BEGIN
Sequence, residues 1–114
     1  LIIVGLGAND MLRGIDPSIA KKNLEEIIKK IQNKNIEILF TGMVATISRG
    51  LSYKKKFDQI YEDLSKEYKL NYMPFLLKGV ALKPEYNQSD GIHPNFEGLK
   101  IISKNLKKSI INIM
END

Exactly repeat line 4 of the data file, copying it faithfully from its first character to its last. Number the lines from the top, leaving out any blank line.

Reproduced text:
   101  IISKNLKKSI INIM